Monday, May 2, 2011


Recently I came across a wonderful quote about writers being either blurters or bleeders. Blurters dump everything out on the page and then have to sort through to find the good stuff. Bleeders struggle with every word they write so it comes out perfectly.

There is a wonderful scene from a film called “Finding Forrester” in which Sean Connery plays the title role as a former prize-winning, now reclusive writer. He befriends a talented young man and mentors him. When his student hesitates before writing a single word, Forrester tells him to punch the keys. The youth responds, “I’m thinking.” “No” says Forrester, “Not now! The first draft is from your heart; the second draft is from your head.”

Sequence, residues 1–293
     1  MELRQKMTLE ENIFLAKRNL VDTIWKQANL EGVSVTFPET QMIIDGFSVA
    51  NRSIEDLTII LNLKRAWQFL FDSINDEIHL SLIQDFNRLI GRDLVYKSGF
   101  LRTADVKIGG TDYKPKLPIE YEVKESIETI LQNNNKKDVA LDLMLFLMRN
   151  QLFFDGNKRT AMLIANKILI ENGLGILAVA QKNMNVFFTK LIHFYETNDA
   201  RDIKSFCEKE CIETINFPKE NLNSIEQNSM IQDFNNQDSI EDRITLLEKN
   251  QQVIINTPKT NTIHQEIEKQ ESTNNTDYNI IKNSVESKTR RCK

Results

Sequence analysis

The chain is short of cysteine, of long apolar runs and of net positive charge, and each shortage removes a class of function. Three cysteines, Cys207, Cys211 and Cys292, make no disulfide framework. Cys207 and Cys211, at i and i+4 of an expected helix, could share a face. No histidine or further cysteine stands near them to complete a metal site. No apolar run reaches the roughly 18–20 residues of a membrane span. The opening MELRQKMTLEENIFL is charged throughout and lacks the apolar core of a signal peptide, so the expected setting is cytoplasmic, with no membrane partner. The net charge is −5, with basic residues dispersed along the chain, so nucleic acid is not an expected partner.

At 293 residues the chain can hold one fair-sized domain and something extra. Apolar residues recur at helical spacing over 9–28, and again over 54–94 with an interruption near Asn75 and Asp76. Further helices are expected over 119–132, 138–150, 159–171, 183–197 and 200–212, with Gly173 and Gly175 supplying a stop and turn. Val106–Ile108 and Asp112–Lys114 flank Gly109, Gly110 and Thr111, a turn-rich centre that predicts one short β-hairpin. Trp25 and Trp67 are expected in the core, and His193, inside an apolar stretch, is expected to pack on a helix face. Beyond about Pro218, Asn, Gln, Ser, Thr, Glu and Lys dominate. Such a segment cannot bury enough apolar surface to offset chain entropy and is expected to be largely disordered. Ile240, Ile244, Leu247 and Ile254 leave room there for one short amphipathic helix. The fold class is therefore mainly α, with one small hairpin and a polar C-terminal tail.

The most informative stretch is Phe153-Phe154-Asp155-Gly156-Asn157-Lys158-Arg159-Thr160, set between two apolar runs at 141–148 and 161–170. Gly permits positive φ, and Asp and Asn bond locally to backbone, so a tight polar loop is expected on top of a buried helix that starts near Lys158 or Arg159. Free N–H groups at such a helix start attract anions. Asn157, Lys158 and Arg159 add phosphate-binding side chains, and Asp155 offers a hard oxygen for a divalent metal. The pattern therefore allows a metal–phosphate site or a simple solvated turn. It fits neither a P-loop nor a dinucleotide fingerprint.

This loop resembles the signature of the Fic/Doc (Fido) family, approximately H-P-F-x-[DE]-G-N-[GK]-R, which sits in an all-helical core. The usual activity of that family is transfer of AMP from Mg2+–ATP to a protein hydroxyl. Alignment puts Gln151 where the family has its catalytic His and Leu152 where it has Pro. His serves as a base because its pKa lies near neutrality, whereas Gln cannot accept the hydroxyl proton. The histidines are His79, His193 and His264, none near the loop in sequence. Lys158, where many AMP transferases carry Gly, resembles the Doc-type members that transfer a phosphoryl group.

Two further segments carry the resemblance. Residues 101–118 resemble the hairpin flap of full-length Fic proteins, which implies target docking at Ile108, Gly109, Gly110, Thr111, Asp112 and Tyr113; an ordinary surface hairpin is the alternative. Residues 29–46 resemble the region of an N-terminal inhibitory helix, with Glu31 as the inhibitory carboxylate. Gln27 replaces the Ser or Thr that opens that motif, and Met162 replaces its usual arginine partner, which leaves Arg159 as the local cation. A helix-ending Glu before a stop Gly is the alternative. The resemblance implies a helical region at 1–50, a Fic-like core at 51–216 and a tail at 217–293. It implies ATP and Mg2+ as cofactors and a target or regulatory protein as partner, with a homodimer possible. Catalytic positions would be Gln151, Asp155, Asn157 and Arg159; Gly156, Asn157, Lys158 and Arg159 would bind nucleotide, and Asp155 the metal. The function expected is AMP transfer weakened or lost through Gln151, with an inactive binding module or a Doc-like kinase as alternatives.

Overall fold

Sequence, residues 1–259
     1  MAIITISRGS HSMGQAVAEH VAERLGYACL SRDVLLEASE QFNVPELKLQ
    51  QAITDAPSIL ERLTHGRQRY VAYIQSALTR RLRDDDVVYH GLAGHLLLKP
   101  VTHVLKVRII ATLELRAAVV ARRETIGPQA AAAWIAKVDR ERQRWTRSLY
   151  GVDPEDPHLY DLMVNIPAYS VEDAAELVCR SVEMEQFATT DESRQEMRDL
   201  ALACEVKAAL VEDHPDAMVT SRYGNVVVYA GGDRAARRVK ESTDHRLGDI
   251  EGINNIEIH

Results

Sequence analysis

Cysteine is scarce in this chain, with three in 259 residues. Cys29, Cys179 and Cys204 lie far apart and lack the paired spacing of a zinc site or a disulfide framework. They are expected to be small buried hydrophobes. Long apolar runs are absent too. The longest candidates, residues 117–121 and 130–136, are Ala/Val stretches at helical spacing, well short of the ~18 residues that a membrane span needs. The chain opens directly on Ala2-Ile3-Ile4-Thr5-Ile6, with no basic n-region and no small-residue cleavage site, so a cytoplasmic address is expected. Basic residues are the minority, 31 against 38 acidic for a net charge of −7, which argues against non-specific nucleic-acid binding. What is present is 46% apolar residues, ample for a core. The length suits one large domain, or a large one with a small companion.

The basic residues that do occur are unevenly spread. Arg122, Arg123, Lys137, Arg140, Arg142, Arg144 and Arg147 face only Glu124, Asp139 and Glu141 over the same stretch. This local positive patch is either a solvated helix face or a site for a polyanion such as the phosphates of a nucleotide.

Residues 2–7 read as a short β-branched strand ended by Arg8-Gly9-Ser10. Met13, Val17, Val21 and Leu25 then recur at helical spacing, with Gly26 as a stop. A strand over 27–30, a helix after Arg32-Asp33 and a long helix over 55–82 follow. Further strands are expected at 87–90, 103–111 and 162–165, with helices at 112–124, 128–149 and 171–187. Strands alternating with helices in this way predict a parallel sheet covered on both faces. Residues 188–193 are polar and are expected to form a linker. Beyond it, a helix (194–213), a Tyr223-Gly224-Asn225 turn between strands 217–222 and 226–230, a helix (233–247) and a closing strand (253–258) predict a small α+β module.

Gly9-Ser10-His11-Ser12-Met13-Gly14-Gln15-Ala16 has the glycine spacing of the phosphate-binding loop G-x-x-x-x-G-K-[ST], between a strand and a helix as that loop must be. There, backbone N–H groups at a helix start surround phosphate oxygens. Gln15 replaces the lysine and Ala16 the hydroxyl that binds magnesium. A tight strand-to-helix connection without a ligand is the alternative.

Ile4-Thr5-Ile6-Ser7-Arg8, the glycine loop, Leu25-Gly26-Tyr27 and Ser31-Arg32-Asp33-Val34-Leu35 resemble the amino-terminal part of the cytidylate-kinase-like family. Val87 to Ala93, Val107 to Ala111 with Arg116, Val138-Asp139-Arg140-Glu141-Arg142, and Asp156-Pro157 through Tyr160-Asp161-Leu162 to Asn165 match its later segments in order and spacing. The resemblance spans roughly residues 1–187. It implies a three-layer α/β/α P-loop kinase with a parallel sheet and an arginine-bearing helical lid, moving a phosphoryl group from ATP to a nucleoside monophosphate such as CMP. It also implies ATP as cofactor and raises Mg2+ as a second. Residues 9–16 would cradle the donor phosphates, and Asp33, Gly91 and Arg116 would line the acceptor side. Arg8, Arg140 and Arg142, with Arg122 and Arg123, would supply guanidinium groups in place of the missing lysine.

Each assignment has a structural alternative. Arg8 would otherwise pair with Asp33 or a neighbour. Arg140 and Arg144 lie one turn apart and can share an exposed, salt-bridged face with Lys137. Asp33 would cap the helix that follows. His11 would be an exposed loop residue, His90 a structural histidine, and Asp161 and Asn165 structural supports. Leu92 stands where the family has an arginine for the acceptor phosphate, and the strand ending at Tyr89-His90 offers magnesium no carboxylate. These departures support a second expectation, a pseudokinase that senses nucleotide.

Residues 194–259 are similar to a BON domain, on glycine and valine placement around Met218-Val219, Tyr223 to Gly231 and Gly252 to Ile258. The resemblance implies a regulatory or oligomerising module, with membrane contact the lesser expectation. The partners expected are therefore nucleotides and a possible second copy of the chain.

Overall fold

I’m with Forrester on this one. Where being a bleeder is critical for a final draft, much more writing will get done if you are blurter. Here are several thoughts to consider about blurting:
  • Tell yourself, this draft doesn’t matter; after all it’s just a first draft and you are still exploring what you want to write about
  • You are more likely to sit down and start writing if your first draft doesn’t count
  • You may be surprised at how much of your blurted draft is actually not bad
  • Think about blurting as warm-up writing, like practicing scales on a piano
  • Set a kitchen timer for ten minutes, write continuously and see how much you can get done
  • Starting is the most difficult part of writing; so sit down and start blurting!

I would love to hear what happens with your blurting. Let us know by leaving a comment on this blog.

Take good care,

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1 comment:

  1. Thank you for this article. I have always struggled looking for the perfect word to convey my message. A friend offered an opinion about my writing/notes: " sounds like you have a thesaurus sitting on your lap when you wrote this..."